Wednesday 29 October 2008
Everything he does is magic
Mahathir Mohamad: An Illustrated Biography by E. Yu (MPH, 2008, 123 pages)
The first factual error in this book occurs in the very first panel, in which the birthday of our erstwhile Prime Minister (and current leading blogger) is stated as December 20. This is actually his “official” birthday but I always found it hard to believe because he did not seem to have much in common with laidback and fun-loving Sagittarians like myself.
True enough, his actual birthday is July 10. (It was not uncommon for folks born in the pre-war era to have registered birthdays that are different from the actual ones). So that’s all right then.
To say this book is a hagiography would be like saying a porcupine is a bit on the prickly side. But it is a riveting read because what is left out is just as interesting, if not more, than what has been put in.
You find out that, when he was a doctor and budding entrepreneur, he changed cars several times. But you never find out that, when he was PM, he also changed deputies several times.
Here are just four names that are conspicuous by their complete absence: Lee Kwan Yew, Musa Hitam. Tengku Razaleigh, and Anwar Ibrahim. Surely they could have added more spice.
Comics don’t have to be cuddly. You need only check out Persepolis or, closer to home, Where Monsoons Meet, to know that. But in its attempt to repackage or rehabilitate a famously prickly personality as a faultless hero, Mahathir Mohamad: An Illustrated Biography takes away some of the edges that surely make him such a fascinating subject to begin with.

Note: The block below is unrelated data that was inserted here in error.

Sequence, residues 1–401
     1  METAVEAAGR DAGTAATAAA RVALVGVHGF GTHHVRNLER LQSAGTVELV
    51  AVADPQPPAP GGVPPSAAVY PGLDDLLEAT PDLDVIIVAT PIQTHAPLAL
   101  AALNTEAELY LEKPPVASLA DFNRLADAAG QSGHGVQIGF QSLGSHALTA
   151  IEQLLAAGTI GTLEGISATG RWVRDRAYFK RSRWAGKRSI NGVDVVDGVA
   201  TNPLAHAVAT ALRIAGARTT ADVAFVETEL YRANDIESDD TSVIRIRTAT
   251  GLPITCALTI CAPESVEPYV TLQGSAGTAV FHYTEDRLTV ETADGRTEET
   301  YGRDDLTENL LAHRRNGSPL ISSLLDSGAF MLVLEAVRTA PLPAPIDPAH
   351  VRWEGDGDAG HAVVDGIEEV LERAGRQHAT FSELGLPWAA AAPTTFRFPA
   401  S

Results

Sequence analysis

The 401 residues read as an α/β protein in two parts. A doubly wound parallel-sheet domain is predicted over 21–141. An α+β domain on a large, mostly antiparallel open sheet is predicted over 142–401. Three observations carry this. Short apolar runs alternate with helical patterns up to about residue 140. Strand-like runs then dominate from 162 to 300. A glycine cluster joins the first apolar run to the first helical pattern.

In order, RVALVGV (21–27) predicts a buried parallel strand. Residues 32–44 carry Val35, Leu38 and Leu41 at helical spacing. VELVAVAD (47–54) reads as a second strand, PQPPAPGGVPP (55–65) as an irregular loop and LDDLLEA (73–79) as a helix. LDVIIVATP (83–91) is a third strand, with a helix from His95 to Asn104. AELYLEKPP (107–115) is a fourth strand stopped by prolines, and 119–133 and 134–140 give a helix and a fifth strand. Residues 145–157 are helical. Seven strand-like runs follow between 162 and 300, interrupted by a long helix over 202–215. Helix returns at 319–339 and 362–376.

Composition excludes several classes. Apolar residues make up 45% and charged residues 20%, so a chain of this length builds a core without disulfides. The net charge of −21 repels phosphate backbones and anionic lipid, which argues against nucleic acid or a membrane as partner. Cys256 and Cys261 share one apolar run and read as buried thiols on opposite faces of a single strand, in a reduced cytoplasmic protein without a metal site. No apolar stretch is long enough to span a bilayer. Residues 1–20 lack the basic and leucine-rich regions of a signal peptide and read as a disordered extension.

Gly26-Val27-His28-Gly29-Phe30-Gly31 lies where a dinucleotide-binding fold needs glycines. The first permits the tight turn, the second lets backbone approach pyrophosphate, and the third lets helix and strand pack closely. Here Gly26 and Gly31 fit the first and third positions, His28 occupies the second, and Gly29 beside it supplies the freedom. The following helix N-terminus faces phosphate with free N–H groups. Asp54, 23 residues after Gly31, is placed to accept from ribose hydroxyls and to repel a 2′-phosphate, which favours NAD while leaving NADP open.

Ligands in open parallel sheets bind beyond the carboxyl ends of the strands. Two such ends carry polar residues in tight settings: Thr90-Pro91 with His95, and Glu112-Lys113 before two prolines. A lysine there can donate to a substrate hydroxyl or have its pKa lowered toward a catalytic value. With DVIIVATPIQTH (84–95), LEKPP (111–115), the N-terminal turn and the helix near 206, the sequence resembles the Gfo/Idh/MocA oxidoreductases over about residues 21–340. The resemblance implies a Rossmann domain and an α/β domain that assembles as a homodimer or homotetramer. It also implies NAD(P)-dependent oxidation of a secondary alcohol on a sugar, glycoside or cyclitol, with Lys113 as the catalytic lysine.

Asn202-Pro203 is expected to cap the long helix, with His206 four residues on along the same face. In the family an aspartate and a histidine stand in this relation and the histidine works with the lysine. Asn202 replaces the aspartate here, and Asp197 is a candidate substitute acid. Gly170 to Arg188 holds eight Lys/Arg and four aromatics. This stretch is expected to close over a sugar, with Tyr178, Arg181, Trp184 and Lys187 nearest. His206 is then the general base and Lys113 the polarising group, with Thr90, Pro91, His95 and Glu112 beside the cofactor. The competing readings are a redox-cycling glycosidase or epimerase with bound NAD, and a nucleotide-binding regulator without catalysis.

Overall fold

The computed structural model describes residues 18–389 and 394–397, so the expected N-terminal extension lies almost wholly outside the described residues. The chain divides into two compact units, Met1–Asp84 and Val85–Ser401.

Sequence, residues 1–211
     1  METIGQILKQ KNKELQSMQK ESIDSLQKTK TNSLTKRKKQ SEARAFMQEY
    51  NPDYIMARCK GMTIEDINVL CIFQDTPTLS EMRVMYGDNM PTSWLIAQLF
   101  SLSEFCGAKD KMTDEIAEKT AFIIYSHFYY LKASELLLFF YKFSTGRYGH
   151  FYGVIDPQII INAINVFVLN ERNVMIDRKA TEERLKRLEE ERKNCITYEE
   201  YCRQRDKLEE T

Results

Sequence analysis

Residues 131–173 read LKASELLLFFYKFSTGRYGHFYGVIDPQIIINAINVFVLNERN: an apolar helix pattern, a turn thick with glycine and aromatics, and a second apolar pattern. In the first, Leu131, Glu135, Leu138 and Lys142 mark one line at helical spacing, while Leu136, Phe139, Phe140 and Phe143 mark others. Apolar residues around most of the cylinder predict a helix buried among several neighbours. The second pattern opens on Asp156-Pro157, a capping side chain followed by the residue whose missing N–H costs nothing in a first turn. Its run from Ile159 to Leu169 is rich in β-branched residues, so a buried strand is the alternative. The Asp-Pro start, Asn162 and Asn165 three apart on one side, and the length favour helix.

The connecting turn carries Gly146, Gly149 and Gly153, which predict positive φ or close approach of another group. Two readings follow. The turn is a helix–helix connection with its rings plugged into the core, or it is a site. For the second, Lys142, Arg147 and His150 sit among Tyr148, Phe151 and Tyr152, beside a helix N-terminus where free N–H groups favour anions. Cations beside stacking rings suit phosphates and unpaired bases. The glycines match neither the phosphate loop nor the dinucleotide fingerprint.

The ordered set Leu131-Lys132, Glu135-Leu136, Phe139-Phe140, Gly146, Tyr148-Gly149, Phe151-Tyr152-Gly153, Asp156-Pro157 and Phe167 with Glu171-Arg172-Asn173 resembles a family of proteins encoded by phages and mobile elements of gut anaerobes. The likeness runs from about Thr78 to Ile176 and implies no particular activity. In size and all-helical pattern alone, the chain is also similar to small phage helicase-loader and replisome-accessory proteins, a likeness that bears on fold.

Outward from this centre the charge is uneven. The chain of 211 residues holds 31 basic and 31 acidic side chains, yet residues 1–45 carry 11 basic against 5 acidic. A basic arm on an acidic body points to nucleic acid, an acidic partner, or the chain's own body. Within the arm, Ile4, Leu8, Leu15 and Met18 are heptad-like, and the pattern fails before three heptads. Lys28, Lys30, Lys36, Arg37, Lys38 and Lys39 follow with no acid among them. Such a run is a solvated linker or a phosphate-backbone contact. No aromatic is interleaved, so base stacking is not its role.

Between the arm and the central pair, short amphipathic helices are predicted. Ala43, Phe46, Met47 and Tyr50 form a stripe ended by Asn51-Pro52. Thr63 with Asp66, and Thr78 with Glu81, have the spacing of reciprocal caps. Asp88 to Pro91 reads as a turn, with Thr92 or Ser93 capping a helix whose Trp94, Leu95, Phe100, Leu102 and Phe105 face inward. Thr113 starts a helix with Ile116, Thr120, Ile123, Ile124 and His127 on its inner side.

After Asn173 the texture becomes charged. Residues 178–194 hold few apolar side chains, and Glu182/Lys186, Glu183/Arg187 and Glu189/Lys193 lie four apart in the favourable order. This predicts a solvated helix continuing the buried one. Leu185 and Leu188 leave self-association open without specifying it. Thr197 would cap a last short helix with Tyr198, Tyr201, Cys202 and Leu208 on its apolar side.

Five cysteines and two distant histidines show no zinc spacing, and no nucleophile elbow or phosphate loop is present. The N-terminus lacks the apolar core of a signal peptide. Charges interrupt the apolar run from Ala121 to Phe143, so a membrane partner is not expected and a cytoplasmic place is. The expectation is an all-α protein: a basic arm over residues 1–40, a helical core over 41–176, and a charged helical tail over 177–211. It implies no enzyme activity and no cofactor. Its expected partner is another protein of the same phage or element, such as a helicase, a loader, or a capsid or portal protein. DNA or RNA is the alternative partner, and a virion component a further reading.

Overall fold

True, we already have an anti-Mahathir comic book in the form of Zunar’s Cartoons of Tun and Others. But this new book is more ambitious because it aspires to the sweep and scope of biography. We learn how he was a diligent student (but shy around the girls), a caring doctor, a quick businessman, devoted husband and father, and then visionary politician and honoured statesman.
Although it is a feel-good book, there are certain hints that can invite different readings if you are of a suspicious disposition. For example, a montage of his political rise shows him addressing the hungry masses. But what he is quoted as saying is merely “Pot…pet…pot…pet…”
What gives? If the author didn’t want us to get distracted by small details, the speech bubbles could have been omitted; we need only see the aspiring leader’s fervent gestures and the crowd’s enthusiastic response. “Pot…pet” is normally shorthand for trivial banter, if not outright nonsense.
Another is a drawing of the protagonist praying, where the speech or thought bubble is left to contain only a string of dots. Does this mean he is mumbling or thinking nothing? Enquiring minds want to know!
A final example illustrates the leader’s fondness for horse-racing. There is another horse that seems to be catching up, but that rider is straining to make sure he doesn’t overtake the Prime Minister. Is this a veiled critique of the way he held back the careers of others, or more generally a sign of the feudalist nature of Malay(sian) politics that brooks no opposition?
Feudalism is the key to Dr. Mahathir’s controversial legacy. As the first national leader to not emerge from an aristocratic family, he represented the rude but necessary jolt of triumphant egalitarianism. His style is akin to the brashness of America rather than the ossified traditions of olde England. But when elements of feudalism started to creep in during his long leadership tenure, it was finally up to the people to decide that enough is enough.
Rather curiously for a comic by an ethnic Chinese, this book swallows The Malay Dilemma’s racial essentialism with nary a whimper. The greedy villains in the first part of the book are invariably Chinese and we are not invited to read the causes of the economic backwardness of the Malays in any other way. In fact, this divisive discourse is celebrated in the final page as then responsible for the harmony of today!
Despite everything, I thoroughly enjoyed the book. I got to see things I never thought I’d see, such as the leader in the shower (does he really keep his glasses on?). I look forward to many other comic books about famous Malaysians who are heroes, villains, or – as is most often the case – somewhere tantalisingly in between.
(Malay Mail, 29 October 2008).